The Pentz family drives their cattle up the road in Morgan on Wednesday, June 29, 2016. (Photo: Spenser Heaps, Deseret News)

The state, however, is arguing before a district court judge in Morgan County that it is not required to build such a trail. Attorneys insist the 1998 law is discretionary, not mandatory, and it has no obligation to provide access to I-84 because it is now a restricted access highway that — as an example — the state has declared off limits to off-highway vehicles and pedestrians.

But the Pentz family maintains the law is clear about the state’s obligations. The law says when state highways with heavy traffic are regularly used for the movement of livestock, the transportation agency and the involved county or city governments “shall construct and maintain” livestock trails.

“The way we look at it is they built the freeway over our stock trail,” Pentz said.

The state has fired back with multiple legal arguments, including statute of limitations having run out, assertions that the suit was filed wrongly to exclude Morgan city and Morgan County, and claims denouncing the estate’s ability to bring an action.

As the wrangling has gone back and forth over the years, the trailing of the cattle always seems to continue in a tradition the family says they want to pass on to the next generation.

“It’s a sad situation they are in,” Bergman said. “It is sad that the state and UDOT have not simply owned up and done what the Legislature demanded they do. Instead they are repeatedly trying to weasel out of it.”

Contributing: Andrew Adams

https://ksl.com/?sid=40444874

In accordance with Title 17 U.S.C. section 107, any copyrighted material herein is distributed without profit or payment to those who have expressed a prior interest in receiving this information for non-profit research and educational purposes only. For more information go to: http://www.law.cornell.edu/uscode/17/107.shtml

 

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Siskiyou Co: Pony Fire update 6-29-16

FIRES, Forestry & USFS

Happy Camp, CA — The Pony Fire is burning on the Klamath National Forest, about fifteen miles southwest of Happy Camp and west of Highway 96.  The fire remains at 2,858 acres and 63 percent contained.  The fire has not grown in the last week.

Crews continue to make great progress on mop-up operations along the fire’s perimeter and continued to patrol the containment lines on the northern, eastern and southern perimeters. Aerial reconnaissance located another small slop-over near the Swillup Creek drainage and crews acted quickly to mitigate any fire spread potential.   Aircraft and firefighters will continue to keep a close eye on this area of concern.  After a few days of little activity, a small smoke was spotted in the southernmost “finger” of the fire.  This area of concern will be monitored by aircraft due to steepness of the terrain and firefighter safety concerns.  Burning logs rolling down hill will continue to be the biggest threat.

Temperatures were above average for the beginning of the week and will stay that way for the remainder.  The return of the hot weather is helping to feed small patches of unburned fuel within the interior of the fire.  The fire may see some possible cumulus build up on Thursday that may lead the way for cooler temperatures over the weekend.  The fire is expected to continue to creep and smolder, with the possibility of single tree torching through the week.

For public and firefighter safety, a temporary closure order has been issued for lands within and adjacent to the Pony fire.  The closed area includes National Forest land west of Highway 96, north of the Ukonom Ranger District boundary, east of Siskiyou Wilderness, and south of a line defined along Crawford Creek, Forest Road 15N19, and Bear Creek/Kelsey Trail.  Dillon Creek Campground remains open.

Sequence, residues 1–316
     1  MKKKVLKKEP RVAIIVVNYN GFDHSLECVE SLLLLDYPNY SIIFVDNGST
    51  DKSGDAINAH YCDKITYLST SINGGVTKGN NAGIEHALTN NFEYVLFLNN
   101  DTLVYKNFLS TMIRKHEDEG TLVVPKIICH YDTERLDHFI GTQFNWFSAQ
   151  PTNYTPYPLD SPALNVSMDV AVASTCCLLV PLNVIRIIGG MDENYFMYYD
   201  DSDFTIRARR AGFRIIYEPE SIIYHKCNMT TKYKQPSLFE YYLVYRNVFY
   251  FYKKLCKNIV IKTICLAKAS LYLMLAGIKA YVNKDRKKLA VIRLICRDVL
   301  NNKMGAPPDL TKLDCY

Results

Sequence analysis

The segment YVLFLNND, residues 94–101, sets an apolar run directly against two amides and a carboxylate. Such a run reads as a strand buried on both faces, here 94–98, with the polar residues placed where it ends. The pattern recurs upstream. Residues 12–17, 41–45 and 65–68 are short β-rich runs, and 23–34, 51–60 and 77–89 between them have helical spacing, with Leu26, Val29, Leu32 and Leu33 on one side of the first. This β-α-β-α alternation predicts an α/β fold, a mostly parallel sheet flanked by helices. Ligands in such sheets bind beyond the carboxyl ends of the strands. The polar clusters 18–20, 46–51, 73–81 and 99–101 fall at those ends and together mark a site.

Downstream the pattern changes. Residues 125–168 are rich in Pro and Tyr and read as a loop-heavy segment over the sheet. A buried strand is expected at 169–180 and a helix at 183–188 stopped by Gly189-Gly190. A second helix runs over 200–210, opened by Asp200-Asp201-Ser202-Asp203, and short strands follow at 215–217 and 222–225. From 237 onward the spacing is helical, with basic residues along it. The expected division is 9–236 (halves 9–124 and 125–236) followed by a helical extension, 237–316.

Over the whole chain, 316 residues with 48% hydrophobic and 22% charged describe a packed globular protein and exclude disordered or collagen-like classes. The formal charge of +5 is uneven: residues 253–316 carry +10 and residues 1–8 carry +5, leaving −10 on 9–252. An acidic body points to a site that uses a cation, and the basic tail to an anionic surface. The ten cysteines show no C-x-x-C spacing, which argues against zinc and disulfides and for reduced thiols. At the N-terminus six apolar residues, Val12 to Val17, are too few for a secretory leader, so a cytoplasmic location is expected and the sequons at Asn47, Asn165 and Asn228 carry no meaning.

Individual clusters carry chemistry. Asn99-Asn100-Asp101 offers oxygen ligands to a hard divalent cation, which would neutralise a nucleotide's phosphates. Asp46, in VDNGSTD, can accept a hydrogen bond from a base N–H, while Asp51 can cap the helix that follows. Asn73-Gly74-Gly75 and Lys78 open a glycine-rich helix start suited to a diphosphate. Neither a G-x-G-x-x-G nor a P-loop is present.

More information and maps of the closure area are available on the Klamath National Forest website (www.fs.usda.gov/klamath).

Information, maps, and closures are also posted on Inciweb at http://inciweb.nwcg.gov/incident/4769/.

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Liz Writes Life 6-28-16

Liz Writes Life

June 28, 2016

Liz Writes Life

Published in Siskiyou Daily News, Yreka, CA

POW

Mike Adams, president of Scott Valley Protect Our Water, shared alarming news with the group last Thursday night. The California legislature is on a runaway train of passing bills to restrict the 2nd Amendment. Nearly a dozen have passed out of committees and are headed for vote in the assembly and senate. One horrendous bill demands anyone who wants to purchase ammunition to first obtain a license. That is AB156 and the purchaser will also be limited to how much he can buy; and you will not be able to purchase from the internet or out of state.

Next — It looks like PacifiCorp, with the blessing of FERC (the Federal Energy Regulatory Commission) is making moves to pass ownership of the Klamath dams to the new non-profit Dam Removal Entity that was established two months ago. Remember this newest amended Klamath Settlement Agreement was signed by California and Oregon Brown Governors, the Bureau of Reclamation, Yurok Tribe, etc. back in April.

Richard Marshall, President of the Siskiyou Water Users Assoc., told us the non-profit Dam Removal Entity (DRE) has yet to make its board members public and is already 30 days past the deadline. The only information the CA. Secretary of State has on the DRE is an address on the 42nd floor of a building in New York City!

Richard is frustrated that there has been no disclosure of information by the DRE and why the CA. Sec. of State hasn’t demanded it. And he questions if the DRE even has enough money to pay PacifiCorp for the dams and resulting environmental damage that will occur. He then turned some of his ire towards the Siskiyou Co. Board of Supervisors for not pursuing several angles to stop the destruction of the dams.